10 Reasons Poetry's Not Dead


This week, the literary world was astir with indignation at Alexandra Petri’s Washington Post article “Is Poetry Dead?,” in which her argument was “well, mostly.” Of Richard Blanco’s inaugural poem, Petri writes, “It was a good poem, within the constraints of what poetry means now. But I think what we mean by poetry is a limp and fangless thing.” Claiming that poetry is obsolete in part because it doesn’t “change anything” anymore, she goes on to compare poets to the Postal Service: “a group of people sedulously doing something that we no longer need, under the misapprehension that they are offering us a vital service.” Ouch.

The “is X dead” argument is a frustrating and perennial one, and often rather pointless. Replace every instance of “poetry” in Petri’s article with “ballet” or “opera” and her claims will work just as well, but be (in this humble writer’s opinion) just as misguided. Is an art form dead just because it is only appreciated by a minority? In that case, many art forms have always been dead. After the jump, we offer ten excellent reasons why poetry isn’t the least bit dead, in the form of excellent books of poetry that have recently emerged — with barbaric yawps, perhaps — in this country. And yes, there are hundreds more — flesh out our list in the comments.

Slow Lightning , Eduardo C. Corral

This stunning debut, published this past April, stalks the borderlands of English and Spanish, fabulist and realist, here and there, with a backpack filled with shifting identifications — Chicano, gay, abnormal — that spill out into the sand. We couldn’t have titled this collection any better than Corral did.

Madame X , Darcie Dennigan

Another triumph of this year, Dennigan’s collection is filled with weight and light in equal measure, her dense paragraphs broken by ellipses and interruptions, her heavy themes (birth, death, sex, religion, but what else is there) chinked by playful, inventive, ever-surprising language. The result is a lilting exploration of the in-between spaces, half-performed actions, ghostly children. A wonder.

My Love is a Dead Arctic Explorer , Paige Ackerson-Kiely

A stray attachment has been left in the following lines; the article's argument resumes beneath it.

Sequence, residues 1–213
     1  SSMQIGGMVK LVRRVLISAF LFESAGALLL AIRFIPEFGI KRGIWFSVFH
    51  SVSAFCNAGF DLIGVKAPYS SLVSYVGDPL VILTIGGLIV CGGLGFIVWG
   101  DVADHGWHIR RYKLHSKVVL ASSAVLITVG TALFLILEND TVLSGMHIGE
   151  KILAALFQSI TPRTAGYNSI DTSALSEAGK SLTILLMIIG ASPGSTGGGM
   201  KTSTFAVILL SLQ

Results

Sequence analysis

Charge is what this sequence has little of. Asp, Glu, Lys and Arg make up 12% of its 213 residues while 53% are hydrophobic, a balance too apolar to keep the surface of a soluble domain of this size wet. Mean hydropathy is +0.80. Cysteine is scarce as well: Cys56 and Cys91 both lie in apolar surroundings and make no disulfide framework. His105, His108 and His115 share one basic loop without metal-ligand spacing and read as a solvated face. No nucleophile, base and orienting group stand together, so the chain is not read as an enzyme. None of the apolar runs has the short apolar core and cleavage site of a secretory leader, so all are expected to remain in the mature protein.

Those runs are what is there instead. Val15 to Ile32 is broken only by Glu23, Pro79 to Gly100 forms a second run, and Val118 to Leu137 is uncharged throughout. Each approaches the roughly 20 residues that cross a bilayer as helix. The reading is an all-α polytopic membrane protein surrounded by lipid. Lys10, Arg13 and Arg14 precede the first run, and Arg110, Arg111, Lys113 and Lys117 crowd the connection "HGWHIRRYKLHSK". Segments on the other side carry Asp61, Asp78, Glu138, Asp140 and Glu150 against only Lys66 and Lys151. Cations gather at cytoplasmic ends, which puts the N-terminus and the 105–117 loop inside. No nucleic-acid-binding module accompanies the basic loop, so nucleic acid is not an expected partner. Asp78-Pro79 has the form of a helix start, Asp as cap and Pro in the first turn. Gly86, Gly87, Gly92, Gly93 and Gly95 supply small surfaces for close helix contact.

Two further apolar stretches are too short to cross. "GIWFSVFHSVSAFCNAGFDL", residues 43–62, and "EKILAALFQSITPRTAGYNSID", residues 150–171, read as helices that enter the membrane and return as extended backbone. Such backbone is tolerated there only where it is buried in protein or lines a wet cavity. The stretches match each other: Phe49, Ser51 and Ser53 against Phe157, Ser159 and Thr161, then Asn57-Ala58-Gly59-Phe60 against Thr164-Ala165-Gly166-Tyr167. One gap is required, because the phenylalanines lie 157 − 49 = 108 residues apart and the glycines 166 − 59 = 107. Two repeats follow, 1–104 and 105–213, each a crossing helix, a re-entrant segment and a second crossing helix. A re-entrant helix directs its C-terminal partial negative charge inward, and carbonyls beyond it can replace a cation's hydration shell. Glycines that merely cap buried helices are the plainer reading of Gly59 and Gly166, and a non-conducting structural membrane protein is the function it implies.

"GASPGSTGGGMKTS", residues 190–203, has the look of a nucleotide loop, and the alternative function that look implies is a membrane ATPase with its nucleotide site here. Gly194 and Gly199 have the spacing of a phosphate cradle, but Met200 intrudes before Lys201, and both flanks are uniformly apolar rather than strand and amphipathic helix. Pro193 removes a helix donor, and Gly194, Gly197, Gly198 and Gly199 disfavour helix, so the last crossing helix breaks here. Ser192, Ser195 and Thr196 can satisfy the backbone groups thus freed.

We’re not sure we could describe Ackerson-Kiely’s poems any better than she does herself: “Mostly, for me, writing is a feral act. Mostly I am consumed by a hunch, irritated, harassed or made uncomfortable by something I can only clumsily accuse. I approach images and words as though they are a criminal or maybe just a far-flung snarl, and maybe that snarl is coming from me — I don’t always know, though mostly I am the only one in the room.” Dark, full of nature, and full of life, this collection will snarl all the way into your soul.

Life on Mars, Tracy K. Smith

This, dear readers, is poetry for science fiction fans, something even the reticent are becoming as we whirl forward into the future. Concerned as much with David Bowie as it is with infinity, as much with Smith’s NASA-employed father as with the far reaches of science, this is poetry for the past, present and future.

Bender: New and Selected Poems , Dean Young

Dean Young is a force in American poetry. He’s been around for a while, sure, but there’s a reason for that, and he’s not getting any less relevant as time goes on. Witty, iconoclastic, and often hilarious, Young asks the big questions with a cock of his head, a raise of the eyebrow, a weary but wonder-filled smile. But more importantly, he writes with a firm hand around what makes life life — now, today, here, wherever you are. This collection is, truly, art for living.

Water Puppets , Quan Barry

If you think poetry is all nice descriptions of flowers and fence posts, the gutting, gorgeous, terrible poetry of Quan Barry is for you. Full of brutality both personal and political, her poems linger in the “the dark traps where things collect,” pensive and stark. Her poem “thanksgiving” ends with the moody revelation, “At the end of the road the man driving the truck will eat/ the deer. If I had to watch someone be torn apart by motorbikes/ I would still be me, which is the horror of it all.”

No Planets Strike , Josh Bell

Though this collection, Bell’s debut, came out in 2008, it has achieved a strange sort of cult status in the last few years, so we count it as an emblem of poetry’s survival (with bells on). At least, we still can’t stop hearing and/or talking about it. Bell promises to “burn the very Latin from the world,” and does it in a sort of reverse epic in which the dead make pilgrimages to the land of the living. Ravenously witty, subversive, and wonderful, every modern lover of poetry should read this book.

The Irrationalist , Suzanne Buffam

Buffam’s poems don’t take themselves too seriously — but that doesn’t mean you shouldn’t. Though most of the poems sing, this book’s belly is its section of “Little Commentaries” — “On Possibility,” “On Shortcuts,” “On Ghosts V. Zombies.” Direct and deadpan, but not without lyric depth, these poems read like your slightly insane best friend whispering into your ear, telling you all the secrets of the universe.

Useless Landscape, or A Guide for Boys , D.A. Powell

Like Young, Powell is one of the more established poets on our list, dubbed “the best poet of his generation — and arguably the most important poet under fifty” by Time Out New York and on his fifth book. But his accolades come for good reason. Powell’s poems are steeped in the grit of American life, the camp, the tragedy, the triumph. Contemporary and historical at once, and with unimpeachable style, we think we’ll be talking about this writer for a long time.

Head Off & Split , Nikky Finney

The winner of the 2011 National Book Award for Poetry, this book is just the latest achievement for a stellar poet. Engaged with history and society, the African-American experience and the human one, Finney’s is a clear-eyed, incredibly powerful ode to what it means to be alive.